Every few kilometers you come across relics from the past heyday of train traffic: signal masts that are no longer in use, remains of tracks and switches overgrown with weeds, bridges made of natural stone and bold arched viaducts, rusting locomotives and wagons, empty goods sheds, waiting rooms in which there are except for spiders and lizards, no one can stop them.
The bike path leads through a nature reserve
North of Sankt Vith, the route leads past the Rhine-Maas watershed, and cyclists move through the nature reserve in the Emmelstal. Moist heather and bristle grass are oases of survival for breeding birds such as meadow pipit, field swirl or marsh warbler. The grazing highland cattle do not allow themselves to be disturbed by the cyclists, no matter how conspicuously they are wrapped in fluorescent sportswear.
The town of Waimes is headed for the first overnight stay. On site, you can enjoy the refreshing “Peak” beer, which is made with Venn water in a brewery on Belgium’s highest point, the 694-meter-high Signal de Botrange, not far from the cycle track.
The next day, the high plateau of the High Fens is soon to be climbed. Peat bogs spread to the right and left of the cycle path, and isolated thin trunks stretch their skeletal branches into the sky. The bristly scenery is a refuge for the black grouse, a pheasant-like bird that is threatened with extinction. The high beech hedges not only protect the houses from the heat in summer and from freezing cold in winter, but also protect cyclists from treacherous winds.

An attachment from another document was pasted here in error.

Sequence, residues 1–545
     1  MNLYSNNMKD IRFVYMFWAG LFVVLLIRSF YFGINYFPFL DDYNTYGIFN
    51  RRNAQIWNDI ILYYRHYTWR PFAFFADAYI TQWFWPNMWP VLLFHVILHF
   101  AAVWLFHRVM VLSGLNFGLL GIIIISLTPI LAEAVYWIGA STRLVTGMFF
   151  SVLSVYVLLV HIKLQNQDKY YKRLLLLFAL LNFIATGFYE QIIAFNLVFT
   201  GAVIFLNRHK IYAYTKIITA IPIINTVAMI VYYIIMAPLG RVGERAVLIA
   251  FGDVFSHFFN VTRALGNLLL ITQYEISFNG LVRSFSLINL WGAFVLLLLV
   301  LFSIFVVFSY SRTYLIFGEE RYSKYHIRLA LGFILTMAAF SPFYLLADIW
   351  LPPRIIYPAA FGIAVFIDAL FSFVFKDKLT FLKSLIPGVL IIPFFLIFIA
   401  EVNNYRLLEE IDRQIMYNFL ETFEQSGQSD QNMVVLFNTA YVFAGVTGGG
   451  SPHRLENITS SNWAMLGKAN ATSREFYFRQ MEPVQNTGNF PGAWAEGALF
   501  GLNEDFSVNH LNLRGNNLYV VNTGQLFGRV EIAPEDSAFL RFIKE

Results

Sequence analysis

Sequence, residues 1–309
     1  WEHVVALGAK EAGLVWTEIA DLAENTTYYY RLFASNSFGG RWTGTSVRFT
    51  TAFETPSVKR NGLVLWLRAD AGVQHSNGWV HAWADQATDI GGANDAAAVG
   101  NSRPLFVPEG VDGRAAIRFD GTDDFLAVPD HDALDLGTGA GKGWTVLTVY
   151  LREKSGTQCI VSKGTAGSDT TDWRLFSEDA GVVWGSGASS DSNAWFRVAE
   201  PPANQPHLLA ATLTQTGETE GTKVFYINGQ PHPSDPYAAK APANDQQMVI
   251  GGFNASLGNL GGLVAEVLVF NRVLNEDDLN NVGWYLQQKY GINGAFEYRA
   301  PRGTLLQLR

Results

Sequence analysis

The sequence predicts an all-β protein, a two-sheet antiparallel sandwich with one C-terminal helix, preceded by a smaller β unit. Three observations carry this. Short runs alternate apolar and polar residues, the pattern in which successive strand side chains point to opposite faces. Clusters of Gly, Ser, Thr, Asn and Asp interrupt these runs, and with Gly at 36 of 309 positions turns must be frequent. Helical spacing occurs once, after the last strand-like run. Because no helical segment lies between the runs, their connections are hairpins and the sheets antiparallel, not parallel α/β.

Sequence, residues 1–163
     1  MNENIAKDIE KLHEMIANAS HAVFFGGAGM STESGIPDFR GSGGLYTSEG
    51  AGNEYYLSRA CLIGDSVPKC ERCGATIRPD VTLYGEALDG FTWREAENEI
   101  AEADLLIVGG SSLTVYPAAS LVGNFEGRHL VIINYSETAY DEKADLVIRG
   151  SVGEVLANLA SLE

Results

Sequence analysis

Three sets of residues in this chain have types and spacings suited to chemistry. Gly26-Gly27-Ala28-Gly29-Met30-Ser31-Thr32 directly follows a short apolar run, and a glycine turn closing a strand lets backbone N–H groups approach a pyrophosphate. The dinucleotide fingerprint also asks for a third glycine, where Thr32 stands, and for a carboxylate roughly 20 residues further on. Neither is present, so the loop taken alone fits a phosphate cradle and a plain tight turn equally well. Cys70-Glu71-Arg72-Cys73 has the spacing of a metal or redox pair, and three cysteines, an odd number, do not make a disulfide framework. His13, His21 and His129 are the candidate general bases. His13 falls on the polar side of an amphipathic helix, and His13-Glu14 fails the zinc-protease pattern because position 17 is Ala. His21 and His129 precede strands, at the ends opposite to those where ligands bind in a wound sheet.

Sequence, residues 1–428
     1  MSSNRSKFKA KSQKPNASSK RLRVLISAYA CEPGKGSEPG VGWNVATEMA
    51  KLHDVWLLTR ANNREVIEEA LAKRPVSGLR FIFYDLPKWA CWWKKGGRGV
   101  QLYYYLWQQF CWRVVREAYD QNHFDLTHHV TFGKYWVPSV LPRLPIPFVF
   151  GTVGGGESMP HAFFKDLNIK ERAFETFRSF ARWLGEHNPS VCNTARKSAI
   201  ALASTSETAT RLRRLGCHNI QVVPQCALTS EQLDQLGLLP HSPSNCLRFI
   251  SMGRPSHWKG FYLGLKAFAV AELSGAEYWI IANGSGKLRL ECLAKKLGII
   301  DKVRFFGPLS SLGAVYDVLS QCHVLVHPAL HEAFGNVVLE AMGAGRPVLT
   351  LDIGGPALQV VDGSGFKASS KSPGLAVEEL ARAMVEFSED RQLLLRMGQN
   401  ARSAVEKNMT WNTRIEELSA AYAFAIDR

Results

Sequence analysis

“This train leads to hell!”
In Sourbrodt, the Prussian architecture of the former station building, in which private apartments are now housed, as well as ghostly signal boxes and station guards’ houses testify to the former splendor of the place. Just as busy as the freight traffic was once the bar in the more than 20 restaurants around the station.
The “fiery Elias” contributed to the lively consumption of beer and brandy. This small train was actually intended for the transport of feed and straw. It was also used by soldiers from the nearby Elsenborn military area, who came with it to the inns in the village. The pub visits sometimes got so excessive that the village priest warned from the pulpit: “This train leads to hell!”
Downhill in the saddle to the Ruitzhof exclave, which only has a handful of houses. In a railway wagon set up as a café from the 1950s, tourists fortify themselves here with bread with Ardennes ham and waffles before pedaling in a convoy with handcars on a remaining track to Sourbrodt and back.
From Kaltenherberg the cycle route meanders alternately through German and Belgian territory, but always remains Belgian state territory until southern Aachen.
But which country is actually responsible for what in this border confusion? A cross-border coordination office located in Sankt Vith, Belgium, takes care of the upkeep of the Vennbahn and uses rules of conduct to ensure that cyclists, hikers and inline skaters get along well.
In the event of an accident on the route – a rare occurrence – the emergency services who can be on site the fastest are alerted. Unlike it was the case in wartime, the border situation along the Vennbahn, as bizarre as it may be, is a living Europe, in which problems are solved unbureaucratically for a change.